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A new federal grant could revolutionize how Pennsylvania physicians access patient information.

After receiving $17.1 million of federal stimulus funds, the Governor’s Office of Health Care Reform is developing a statewide system to share electronic medical records between health institutions, called the Pennsylvania Health Information Exchange, or PHIX.

Currently, “sharing of information outside of a health system doesn’t happen very often electronically,” said Martin Ciccocioppo, vice president of research at the Hospital and Healthsystem Association of Pennsylvania.

When patients are transferred between institutions, their medical records must be communicated by fax, files on a CD or paper records.

If an electronic infrastructure is developed, it could have significant effects on patient care by eliminating duplicate medical services and coordinating care more effectively, according to Ciccocioppo.

The University of Pennsylvania Health System is planning to participate in PHIX, according to Health System spokeswoman Susan Phillips. However, she stressed that “it is too early to tell exactly how it will work.”

“The biggest hurdle that we have to face is how to pay for [PHIX],” said Ciccocioppo.

Because many hospitals and private practices are still computerizing their health records, there are limited resources available for developing infrastructure for health information exchanges.

Such limitations may affect Penn’s involvement in a regional effort to form a health information exchange in southeastern Pennsylvania, as a localized alternative to PHIX.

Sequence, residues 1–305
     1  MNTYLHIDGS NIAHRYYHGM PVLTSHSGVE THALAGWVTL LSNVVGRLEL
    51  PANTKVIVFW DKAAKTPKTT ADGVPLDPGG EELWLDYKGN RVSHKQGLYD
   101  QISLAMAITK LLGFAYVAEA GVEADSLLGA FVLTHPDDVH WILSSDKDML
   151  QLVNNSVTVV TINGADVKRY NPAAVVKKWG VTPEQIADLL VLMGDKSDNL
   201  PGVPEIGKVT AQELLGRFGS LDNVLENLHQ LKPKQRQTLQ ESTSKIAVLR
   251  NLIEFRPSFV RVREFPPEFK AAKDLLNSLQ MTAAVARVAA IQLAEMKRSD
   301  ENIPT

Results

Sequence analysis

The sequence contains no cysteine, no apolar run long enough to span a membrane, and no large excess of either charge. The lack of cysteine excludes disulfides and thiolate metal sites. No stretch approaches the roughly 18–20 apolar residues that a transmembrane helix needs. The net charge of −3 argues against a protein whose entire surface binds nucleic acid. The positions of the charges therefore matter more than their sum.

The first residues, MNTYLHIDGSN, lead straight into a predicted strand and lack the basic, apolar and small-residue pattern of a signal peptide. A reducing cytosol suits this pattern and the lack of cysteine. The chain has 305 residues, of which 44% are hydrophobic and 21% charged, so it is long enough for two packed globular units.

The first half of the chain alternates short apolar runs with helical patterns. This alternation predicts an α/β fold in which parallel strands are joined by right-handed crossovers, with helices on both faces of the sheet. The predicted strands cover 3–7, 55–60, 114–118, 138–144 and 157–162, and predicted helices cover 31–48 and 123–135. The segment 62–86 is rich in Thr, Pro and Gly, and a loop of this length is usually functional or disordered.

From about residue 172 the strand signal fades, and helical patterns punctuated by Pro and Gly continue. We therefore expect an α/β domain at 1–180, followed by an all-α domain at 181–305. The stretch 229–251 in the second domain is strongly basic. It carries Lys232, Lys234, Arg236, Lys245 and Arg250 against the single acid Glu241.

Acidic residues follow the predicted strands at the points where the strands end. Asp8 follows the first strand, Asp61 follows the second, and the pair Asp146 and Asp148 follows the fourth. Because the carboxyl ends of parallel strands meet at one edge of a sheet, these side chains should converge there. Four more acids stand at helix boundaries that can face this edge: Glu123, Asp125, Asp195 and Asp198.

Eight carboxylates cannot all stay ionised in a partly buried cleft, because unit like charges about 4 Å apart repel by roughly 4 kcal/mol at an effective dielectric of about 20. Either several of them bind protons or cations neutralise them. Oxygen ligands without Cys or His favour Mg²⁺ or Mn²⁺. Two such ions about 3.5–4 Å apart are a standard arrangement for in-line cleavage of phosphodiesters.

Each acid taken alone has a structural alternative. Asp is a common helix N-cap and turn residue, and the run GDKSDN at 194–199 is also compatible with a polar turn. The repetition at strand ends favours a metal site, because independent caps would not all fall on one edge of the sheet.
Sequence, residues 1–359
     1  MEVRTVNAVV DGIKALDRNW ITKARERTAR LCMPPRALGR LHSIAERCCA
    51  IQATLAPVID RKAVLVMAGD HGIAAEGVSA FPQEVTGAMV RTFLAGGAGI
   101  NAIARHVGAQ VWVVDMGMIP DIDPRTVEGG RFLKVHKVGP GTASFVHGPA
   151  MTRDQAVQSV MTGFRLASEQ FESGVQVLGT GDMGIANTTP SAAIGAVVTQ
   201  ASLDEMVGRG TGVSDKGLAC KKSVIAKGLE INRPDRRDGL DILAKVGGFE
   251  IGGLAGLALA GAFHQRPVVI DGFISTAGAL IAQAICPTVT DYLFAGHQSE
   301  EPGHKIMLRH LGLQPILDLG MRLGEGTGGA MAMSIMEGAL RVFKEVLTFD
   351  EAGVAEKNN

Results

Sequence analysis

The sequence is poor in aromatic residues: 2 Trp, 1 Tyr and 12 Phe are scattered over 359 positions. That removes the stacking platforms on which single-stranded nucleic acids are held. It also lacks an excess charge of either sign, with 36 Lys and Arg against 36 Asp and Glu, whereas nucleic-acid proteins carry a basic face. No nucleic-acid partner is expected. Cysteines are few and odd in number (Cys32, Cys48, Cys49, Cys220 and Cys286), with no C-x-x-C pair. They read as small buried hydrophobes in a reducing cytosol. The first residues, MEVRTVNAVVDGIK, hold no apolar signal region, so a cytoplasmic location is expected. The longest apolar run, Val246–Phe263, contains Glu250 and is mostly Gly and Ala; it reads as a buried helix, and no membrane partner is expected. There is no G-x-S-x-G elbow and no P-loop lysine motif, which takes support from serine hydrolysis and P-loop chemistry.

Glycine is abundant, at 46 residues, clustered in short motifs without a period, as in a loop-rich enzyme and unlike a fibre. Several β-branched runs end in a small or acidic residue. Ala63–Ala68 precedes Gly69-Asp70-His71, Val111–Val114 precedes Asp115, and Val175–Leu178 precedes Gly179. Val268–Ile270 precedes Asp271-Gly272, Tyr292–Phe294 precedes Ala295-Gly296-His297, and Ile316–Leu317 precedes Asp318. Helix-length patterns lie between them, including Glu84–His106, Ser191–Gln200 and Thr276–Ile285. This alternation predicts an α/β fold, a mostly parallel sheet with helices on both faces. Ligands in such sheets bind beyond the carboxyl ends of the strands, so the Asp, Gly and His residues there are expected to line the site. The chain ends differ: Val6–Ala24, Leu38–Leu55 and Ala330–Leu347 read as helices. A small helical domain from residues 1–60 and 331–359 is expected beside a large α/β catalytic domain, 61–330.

According to Ciccocioppo, Penn has “disengaged” from discussions to develop a local system.

“It’s a matter of resources,” said Ciccocioppo. “If they think PHIX is going to be available sooner for cheaper, they can’t be distracted by participating in two different health information exchange efforts,” he said.

The Health System is “waiting for more details to enable us to make a decision” on the southeastern Pennsylvania system, Phillips wrote in an e-mail. “We remain supportive of its goals … but it remains to be seen if it will be more effective to focus on a statewide approach.”

Pressure to devote resources to the most effective approach are especially relevant since only 10 percent of cost savings from electronic health information exchanges will go to health providers, according to Ciccocioppo.

“The patient is the ultimate beneficiary because they’re getting better and more timely care, no matter where or when they’re being treated,” he said.

He added that a regional health exchange would be advantageous for the southeastern Pennsylvania area because local providers would have more control over its functions.

“If the local system decides that exchanging diagnostic images is very important, they can implement a structure that supports that,” he said.

The local system “would ultimately connect to PHIX,” Ciccocioppo said. But it “might want to have a different focus,” he said.

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